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Fears raised over war between rival Newry and south Armagh drug gangs as woman denied bail

Whitney Hughes

Fears have been raised over an “ongoing feud” between drug gangs in Newry and south Armagh.

The claim was made by a detective constable during a court appearance by a woman who allegedly “plays a small part in a larger organised crime gang” and whose father was recently shot.

Whitney Hughes, from Ardcarn Park in Newry, faces 14 counts, including 12 drug charges relating to possessing, supplying and intending to supply heroin, cocaine, cannabis and amphetamine, and two charges relating to possessing criminal cash and trading in counterfeit football clothing.

All the offences are alleged to have been committed on July 4.

Refusing to free the 30-year-old on bail, District Judge Eamon King said she was “part of what’s obviously a serious organised crime gang in some shape or fashion, and she must face the consequences when police, doing their duty, find the matters in this case — cash, drugs, phones, you name it”.

A detective constable told Newry Magistrates’ Court of threats against the defendant’s family as he outlined concerns over the feud.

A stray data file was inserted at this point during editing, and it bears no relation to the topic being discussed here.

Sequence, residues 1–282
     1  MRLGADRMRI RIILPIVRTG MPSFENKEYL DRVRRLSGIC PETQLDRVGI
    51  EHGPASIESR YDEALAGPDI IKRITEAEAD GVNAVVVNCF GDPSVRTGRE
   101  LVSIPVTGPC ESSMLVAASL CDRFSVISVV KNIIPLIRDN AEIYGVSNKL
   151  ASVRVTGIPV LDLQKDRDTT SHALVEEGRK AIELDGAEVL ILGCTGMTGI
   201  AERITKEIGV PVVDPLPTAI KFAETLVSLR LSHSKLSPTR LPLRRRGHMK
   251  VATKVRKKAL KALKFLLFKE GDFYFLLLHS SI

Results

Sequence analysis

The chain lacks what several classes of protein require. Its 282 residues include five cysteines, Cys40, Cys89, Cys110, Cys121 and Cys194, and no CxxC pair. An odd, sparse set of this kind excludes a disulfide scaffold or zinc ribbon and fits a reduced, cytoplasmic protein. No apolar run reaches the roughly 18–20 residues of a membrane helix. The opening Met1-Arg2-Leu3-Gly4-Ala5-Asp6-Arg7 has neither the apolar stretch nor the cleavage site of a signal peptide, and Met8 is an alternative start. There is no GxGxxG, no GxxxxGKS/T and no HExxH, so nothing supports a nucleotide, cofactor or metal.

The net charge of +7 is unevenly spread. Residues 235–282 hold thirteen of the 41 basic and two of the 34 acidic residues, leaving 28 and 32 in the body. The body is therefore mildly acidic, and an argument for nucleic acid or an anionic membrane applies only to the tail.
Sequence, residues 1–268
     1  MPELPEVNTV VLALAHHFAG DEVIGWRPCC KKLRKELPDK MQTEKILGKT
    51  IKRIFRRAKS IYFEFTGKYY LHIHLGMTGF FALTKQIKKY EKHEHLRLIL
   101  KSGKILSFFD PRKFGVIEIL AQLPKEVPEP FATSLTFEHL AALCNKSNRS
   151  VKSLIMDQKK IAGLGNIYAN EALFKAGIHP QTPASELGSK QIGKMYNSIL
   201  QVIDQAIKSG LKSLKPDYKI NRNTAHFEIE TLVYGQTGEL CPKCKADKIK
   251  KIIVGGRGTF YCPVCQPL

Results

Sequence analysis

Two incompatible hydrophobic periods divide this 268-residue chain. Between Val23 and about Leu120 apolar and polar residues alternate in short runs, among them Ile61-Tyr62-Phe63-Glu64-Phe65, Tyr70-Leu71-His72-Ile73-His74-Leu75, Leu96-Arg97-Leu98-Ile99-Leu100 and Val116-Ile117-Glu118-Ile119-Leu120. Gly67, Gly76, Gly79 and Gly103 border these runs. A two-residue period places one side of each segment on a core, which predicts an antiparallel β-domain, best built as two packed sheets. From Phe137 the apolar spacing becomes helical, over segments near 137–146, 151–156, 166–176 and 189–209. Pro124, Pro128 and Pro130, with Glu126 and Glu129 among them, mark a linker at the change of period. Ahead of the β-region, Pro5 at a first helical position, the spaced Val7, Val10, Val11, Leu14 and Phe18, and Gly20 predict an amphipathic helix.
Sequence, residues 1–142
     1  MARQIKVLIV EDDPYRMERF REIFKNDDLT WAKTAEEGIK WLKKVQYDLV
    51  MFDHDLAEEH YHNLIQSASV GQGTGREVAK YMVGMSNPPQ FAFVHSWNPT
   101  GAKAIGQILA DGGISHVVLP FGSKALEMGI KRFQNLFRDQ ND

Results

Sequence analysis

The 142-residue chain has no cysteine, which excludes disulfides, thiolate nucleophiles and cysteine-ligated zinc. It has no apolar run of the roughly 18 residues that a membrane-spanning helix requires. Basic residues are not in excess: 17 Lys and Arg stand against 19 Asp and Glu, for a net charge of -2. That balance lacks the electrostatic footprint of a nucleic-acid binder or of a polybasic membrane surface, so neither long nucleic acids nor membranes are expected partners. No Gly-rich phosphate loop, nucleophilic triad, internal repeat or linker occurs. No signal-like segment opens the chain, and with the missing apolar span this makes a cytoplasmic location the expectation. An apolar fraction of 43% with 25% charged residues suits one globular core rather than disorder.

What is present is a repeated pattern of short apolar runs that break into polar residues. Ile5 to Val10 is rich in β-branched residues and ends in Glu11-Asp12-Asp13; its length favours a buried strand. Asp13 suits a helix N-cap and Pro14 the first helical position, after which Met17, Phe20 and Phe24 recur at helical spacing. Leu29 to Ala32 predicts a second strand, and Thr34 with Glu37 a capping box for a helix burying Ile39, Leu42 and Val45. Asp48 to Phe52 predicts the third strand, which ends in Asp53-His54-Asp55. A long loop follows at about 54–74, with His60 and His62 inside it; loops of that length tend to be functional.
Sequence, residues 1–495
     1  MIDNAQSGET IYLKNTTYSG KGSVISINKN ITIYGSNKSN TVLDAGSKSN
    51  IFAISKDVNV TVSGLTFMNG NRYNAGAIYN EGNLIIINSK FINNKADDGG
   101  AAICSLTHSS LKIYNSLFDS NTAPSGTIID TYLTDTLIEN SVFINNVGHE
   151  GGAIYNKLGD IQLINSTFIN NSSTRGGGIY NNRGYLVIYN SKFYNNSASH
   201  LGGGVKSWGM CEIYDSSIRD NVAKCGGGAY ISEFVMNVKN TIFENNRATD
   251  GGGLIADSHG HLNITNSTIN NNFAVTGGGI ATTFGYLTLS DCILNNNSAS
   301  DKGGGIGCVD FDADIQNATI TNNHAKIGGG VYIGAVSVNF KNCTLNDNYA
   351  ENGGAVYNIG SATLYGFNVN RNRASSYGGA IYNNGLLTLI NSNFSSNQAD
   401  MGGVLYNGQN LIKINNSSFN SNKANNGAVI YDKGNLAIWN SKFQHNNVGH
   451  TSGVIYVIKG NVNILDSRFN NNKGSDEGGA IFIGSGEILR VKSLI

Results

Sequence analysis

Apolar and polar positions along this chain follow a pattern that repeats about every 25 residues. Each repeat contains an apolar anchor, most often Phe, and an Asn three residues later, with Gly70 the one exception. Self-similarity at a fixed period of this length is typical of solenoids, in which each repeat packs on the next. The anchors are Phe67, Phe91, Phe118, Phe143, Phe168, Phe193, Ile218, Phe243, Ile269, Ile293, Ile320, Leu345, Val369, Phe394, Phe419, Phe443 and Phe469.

He said: “Two males went to her mother’s house and told her not to come back to Newry again.

“Her father’s house was attacked in a shooting in Dundalk in October, killing his dog and striking him.

“We believe that there’s an ongoing feud in Newry and south Armagh for the supply of drugs.

“Releasing her into that, to an address that’s been identified by a rival faction, is a risk that we cannot manage.”

The hearing was told that when police raided a locked storage container on the Mountain Road in Newry, they uncovered a “full spectrum” of drugs, including seven kilos of cannabis, 200 grams of cocaine and 113 grams of heroin. They also discovered €12,000 in cash and suspected counterfeit football clothing, along with scales, other drug paraphernalia and a gold-plated iPhone.

The detective constable said the drugs seized had an estimated street value of around £130,000.

The officer told the hearing that the police could link Hughes to the container in that she was recorded on CCTV signing the lease for it.

They added that the defendant would be “repaying that £130,000 (the value of the drugs seized) for a very long time (and) it can only be repaid through illegal means”.

He added: “She said she was approached by a person from an estate who asked to use her container, and she felt this was someone she couldn’t say no to”.

​Police objected to bail on the grounds that if Hughes could not say no to the person she mentioned, she was at risk of committing offences.

Defence lawyer Chris Logue said while his client faced “scary charges”, she had an almost clear criminal record.

He told the court: “There are people with records as long as your arm on bail for serious violence.”

But refusing bail and remanding Hughes back into custody until December 21, the judge said: “The articles seized are the full spectrum of someone who is involved in serious crime, in selling drugs, storing and supplying them.”

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